Pests and Diseases Management in Mango Trees
Powdery Mildew – One of the biggest diseases in Mangoes is Powdery mildew. Symptoms include powdery fungal growth on leaves and stalks. The fungus will affect flowering and fruit set in Mango trees.
Red Rust – As the name suggests leaves a reddish-brown color residue on the leaves and young twigs. The red rust diseases result in poor photosynthesis and eventually affect the foliage. The red rust can affect young tree branches. When affected on the stem, it cracks and then becomes thick. Twigs get entangled and the growth is shunted. Copper oxychloride is used to control these problems.
Pink disease – White, silk-like threads at forks of branches which coalesce to form a pink crust during wet conditions; and foliage will begin to dry out and die. Treatment is an application of an appropriate fungicide which can be applied by spraying onto infected bark with a paintbrush.
Anthracnose – Small and dark spots on flowers; infected flowers dropping from Mango tree; spots with the yellow halo on young plant leaves. Susceptible Mango varieties must be protected with fungicide in commercial production and the timing of the applications are critical to successful control; appropriate fungicide must be applied during flowering and fruit development.
Powdery mildew – symptoms of this disease are gray-white powdery growth on leaves, flowers, and fruit; curled, distorted shoots; fruit dropping from the tree. Fungicides are very effective at controlling powdery mildew if applied at the first sign of the disease; chemical sprays need to be applied at flowering and fruit set.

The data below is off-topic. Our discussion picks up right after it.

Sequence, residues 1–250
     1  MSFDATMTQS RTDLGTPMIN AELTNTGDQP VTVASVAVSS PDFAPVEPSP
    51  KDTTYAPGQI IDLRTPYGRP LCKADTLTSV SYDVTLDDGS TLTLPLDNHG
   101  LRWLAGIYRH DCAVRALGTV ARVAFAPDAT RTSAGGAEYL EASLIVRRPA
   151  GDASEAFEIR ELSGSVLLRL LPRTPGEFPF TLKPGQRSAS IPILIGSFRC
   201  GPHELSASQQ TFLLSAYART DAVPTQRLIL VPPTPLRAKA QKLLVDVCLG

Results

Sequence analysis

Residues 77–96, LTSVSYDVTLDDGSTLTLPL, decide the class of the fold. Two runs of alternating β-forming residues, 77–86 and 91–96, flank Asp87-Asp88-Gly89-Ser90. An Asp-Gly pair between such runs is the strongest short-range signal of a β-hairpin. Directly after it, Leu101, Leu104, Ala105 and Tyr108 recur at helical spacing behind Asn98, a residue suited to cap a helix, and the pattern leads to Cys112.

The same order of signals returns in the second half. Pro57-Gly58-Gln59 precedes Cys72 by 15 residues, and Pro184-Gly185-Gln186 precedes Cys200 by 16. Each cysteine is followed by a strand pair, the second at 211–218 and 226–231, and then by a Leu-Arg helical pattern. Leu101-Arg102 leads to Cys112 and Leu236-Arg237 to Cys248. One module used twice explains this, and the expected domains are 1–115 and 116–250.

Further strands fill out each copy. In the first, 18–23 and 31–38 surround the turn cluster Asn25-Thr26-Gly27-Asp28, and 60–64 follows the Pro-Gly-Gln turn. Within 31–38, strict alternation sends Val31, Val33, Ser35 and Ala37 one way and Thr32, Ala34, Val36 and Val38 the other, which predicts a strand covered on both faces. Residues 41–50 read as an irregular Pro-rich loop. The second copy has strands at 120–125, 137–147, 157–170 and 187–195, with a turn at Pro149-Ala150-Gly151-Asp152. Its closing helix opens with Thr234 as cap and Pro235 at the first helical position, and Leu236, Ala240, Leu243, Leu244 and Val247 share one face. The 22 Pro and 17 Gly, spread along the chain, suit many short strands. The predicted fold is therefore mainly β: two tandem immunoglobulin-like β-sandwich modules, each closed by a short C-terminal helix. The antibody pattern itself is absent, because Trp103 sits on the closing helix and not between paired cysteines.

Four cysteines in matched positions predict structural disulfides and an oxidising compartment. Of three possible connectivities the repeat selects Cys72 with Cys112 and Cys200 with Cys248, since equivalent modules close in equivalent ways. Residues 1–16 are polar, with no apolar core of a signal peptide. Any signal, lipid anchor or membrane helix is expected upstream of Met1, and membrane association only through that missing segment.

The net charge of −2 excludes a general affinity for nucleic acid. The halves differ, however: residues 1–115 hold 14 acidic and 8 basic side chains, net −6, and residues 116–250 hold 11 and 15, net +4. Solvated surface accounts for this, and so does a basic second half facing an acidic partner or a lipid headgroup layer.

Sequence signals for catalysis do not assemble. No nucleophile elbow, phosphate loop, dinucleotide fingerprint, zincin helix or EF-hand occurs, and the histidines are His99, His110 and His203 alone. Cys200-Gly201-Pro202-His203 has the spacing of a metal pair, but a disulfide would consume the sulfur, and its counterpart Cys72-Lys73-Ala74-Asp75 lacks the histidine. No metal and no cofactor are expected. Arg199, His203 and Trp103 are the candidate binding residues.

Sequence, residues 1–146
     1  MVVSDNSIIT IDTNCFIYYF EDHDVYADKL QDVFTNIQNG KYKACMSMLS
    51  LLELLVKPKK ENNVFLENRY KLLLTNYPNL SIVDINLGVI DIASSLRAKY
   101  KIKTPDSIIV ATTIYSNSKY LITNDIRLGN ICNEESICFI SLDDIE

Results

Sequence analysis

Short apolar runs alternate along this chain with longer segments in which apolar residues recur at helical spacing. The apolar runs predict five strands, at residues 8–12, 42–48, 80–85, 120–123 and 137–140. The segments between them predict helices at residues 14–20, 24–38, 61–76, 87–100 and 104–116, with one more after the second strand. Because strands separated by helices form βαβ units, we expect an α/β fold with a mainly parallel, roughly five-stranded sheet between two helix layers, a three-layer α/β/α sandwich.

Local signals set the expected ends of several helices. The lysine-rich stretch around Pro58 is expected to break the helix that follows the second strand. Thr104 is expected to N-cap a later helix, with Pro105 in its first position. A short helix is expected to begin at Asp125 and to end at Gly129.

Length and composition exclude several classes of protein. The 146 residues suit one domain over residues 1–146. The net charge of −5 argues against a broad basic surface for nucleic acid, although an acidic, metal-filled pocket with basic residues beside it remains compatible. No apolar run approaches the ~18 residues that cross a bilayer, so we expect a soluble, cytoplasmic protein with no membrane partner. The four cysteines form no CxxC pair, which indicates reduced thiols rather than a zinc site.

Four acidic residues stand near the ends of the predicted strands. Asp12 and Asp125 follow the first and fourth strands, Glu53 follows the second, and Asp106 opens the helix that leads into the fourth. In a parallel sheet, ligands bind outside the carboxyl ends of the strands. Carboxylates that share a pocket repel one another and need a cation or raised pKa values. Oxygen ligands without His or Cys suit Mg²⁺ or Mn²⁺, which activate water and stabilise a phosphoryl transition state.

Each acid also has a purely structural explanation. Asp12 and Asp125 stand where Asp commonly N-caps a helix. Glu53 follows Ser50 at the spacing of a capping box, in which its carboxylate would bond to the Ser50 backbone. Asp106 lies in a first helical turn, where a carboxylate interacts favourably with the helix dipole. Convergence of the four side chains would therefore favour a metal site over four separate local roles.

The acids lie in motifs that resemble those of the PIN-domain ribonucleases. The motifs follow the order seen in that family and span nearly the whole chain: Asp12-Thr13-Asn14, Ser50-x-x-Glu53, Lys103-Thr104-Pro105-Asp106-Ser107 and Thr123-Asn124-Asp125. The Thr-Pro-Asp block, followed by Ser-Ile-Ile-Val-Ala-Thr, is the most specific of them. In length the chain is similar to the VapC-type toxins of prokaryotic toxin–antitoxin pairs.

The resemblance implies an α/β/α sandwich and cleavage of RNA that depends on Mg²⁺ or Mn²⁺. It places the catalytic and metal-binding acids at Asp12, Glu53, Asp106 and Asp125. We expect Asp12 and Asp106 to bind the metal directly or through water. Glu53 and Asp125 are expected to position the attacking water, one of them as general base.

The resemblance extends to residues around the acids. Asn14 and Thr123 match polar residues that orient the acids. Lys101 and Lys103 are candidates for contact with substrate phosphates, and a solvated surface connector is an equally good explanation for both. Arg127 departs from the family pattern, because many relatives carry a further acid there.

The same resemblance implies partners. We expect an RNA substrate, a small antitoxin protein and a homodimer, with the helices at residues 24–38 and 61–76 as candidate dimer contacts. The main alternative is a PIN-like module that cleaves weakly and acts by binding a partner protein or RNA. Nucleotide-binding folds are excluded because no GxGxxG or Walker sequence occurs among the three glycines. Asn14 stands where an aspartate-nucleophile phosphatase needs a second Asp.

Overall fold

Fruit fly – The adult female flies lay an egg just under the skin of semi-repine fruits. The maggots develop and feed inside the fruit, causing the flesh to turn a brown color. This damage acts as an entry site for fungal and bacterial pathogens.
Disadvantages of High Density Mango Plantation
- Less life span of the fruit
- Difficult to manage the tree canopy
- Require a high level of technology for the maintenance of fruit trees
The Yield of Mango in High Density Cultivation
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Profit also depends on the variety of Mangoes. High Density farming allows up to 200 plants per acre whereas traditional Mango cultivation adopts 45 to 60 plants per acre. Then, this automatically increases the yield per tree for the first 10 years of harvest. While the traditional method generates 2.5 to 3 tonnes, the High Density Mango cultivation doubles the yield to about 5 to 6 tonnes per year.